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Cultural evolution of genetic heritability

Uchiyama, Ryutaro, Spicer, Rachel ORCID: 0000-0002-2807-8796 and Muthukrishna, Michael ORCID: 0000-0002-7079-5166 (2021) Cultural evolution of genetic heritability. Behavioral and Brain Sciences. ISSN 0140-525X

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Identification Number: 10.1017/S0140525X21000893

Abstract

Behavioral genetics and cultural evolution have both revolutionized our understanding of human behavior-largely independent of each other. Here we reconcile these two fields under a dual inheritance framework, offering a more nuanced understanding of the interaction between genes and culture. Going beyond typical analyses of gene-environment interactions, we describe the cultural dynamics that shape these interactions by shaping the environment and population structure. A cultural evolutionary approach can explain, for example, how factors such as rates of innovation and diffusion, density of cultural sub-groups, and tolerance for behavioral diversity impact heritability estimates, thus yielding predictions for different social contexts. Moreover, when cumulative culture functionally overlaps with genes, genetic effects become masked, unmasked, or even reversed, and the causal effects of an identified gene become confounded with features of the cultural environment. The manner of confounding is specific to a particular society at a particular time, but a WEIRD (Western, educated, industrialized, rich, democratic) sampling problem obscures this boundedness. Cultural evolutionary dynamics are typically missing from models of gene-to-phenotype causality, hindering generalizability of genetic effects across societies and across time. We lay out a reconciled framework and use it to predict the ways in which heritability should differ between societies, between socioeconomic levels and other groupings within some societies but not others, and over the life course. An integrated cultural evolutionary behavioral genetic approach cuts through the nature-nurture debate and helps resolve controversies in topics such as IQ.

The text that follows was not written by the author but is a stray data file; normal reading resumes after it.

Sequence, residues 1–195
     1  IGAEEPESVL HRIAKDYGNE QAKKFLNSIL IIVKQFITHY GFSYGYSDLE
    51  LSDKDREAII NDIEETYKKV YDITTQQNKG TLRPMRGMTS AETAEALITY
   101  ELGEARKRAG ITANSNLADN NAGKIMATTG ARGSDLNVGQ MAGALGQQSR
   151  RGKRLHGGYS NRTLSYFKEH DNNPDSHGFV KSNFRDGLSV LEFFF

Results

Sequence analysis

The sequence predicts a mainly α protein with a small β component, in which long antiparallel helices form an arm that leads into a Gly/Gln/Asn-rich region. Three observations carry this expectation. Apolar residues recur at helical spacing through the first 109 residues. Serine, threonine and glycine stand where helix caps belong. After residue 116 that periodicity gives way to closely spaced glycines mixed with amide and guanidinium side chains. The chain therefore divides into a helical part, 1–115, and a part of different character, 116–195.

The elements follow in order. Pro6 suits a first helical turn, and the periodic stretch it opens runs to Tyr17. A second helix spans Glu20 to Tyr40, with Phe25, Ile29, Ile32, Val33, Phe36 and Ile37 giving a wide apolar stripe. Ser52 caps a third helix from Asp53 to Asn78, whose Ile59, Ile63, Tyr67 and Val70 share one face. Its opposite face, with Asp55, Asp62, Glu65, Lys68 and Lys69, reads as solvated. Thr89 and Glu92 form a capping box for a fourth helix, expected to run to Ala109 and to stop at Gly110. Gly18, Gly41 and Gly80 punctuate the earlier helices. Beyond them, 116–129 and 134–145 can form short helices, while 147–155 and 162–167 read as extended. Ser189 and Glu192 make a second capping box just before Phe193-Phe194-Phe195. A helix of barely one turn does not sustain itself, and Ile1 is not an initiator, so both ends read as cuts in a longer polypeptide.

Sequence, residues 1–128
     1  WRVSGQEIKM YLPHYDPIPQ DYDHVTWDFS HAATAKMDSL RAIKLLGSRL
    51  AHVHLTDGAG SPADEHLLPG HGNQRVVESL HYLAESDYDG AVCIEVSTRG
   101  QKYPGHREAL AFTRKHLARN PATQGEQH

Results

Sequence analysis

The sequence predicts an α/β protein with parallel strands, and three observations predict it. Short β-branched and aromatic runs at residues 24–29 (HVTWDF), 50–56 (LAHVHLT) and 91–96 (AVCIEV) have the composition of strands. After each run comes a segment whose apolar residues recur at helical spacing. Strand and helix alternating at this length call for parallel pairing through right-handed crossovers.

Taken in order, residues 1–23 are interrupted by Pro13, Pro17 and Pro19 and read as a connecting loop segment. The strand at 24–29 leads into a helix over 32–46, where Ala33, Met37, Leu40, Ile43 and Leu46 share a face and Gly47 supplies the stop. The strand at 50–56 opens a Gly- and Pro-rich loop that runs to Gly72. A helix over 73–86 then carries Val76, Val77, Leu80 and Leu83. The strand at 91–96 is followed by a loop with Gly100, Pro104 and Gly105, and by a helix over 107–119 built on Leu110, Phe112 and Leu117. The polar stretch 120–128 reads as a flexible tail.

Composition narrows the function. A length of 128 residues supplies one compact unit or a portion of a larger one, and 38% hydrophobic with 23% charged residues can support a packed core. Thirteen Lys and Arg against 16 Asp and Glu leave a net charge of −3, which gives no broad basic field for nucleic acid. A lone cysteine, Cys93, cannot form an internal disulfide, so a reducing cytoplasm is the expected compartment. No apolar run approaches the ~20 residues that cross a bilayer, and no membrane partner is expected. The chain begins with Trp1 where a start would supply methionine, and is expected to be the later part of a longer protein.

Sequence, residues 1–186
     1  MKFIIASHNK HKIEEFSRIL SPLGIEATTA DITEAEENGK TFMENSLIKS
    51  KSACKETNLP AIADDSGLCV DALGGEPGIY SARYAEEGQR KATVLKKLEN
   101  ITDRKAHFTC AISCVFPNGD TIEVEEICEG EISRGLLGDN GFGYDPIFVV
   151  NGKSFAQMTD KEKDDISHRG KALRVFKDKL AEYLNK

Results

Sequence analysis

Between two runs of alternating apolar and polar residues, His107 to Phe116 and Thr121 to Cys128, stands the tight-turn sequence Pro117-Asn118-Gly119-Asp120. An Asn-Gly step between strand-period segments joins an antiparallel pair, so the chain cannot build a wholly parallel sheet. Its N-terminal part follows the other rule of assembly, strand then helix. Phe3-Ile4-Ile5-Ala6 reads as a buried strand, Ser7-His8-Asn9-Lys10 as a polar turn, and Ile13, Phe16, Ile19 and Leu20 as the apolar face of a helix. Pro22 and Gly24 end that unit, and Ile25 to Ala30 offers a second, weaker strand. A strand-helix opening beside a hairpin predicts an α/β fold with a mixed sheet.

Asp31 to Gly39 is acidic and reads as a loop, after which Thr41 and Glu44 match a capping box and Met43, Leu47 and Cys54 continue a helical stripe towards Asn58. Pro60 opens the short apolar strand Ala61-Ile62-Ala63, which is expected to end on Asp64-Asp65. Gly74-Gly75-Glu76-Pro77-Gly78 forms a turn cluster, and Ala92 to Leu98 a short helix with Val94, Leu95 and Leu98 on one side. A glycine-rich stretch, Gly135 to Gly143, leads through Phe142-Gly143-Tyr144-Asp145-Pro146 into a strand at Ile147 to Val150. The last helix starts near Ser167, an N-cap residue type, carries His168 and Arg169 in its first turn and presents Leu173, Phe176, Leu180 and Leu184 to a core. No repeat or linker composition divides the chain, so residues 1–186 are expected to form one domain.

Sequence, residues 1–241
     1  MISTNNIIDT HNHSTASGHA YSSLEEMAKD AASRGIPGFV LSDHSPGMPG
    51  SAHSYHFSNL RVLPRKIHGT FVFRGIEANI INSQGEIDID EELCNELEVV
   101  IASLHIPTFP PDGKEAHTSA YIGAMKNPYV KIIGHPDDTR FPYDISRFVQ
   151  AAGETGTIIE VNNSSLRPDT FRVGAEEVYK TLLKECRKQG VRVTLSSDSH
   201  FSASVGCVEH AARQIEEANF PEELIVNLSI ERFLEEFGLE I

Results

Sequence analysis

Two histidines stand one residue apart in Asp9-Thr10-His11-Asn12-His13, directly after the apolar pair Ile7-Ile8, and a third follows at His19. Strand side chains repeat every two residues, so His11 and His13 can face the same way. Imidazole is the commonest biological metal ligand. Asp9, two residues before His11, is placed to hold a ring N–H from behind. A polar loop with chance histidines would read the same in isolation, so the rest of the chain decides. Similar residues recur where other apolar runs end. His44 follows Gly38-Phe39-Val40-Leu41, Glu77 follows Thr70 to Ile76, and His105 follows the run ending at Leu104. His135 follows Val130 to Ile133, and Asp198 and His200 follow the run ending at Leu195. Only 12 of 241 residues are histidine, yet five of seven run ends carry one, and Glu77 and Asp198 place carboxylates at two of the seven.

Item Type: Article
Official URL: https://www.cambridge.org/core/journals/behavioral...
Additional Information: © 2021 The Authors
Divisions: Psychological and Behavioural Science
Subjects: B Philosophy. Psychology. Religion > BF Psychology
G Geography. Anthropology. Recreation > GN Anthropology
Date Deposited: 18 May 2021 16:57
Last Modified: 20 Sep 2021 02:21
URI: http://eprints.lse.ac.uk/id/eprint/110498

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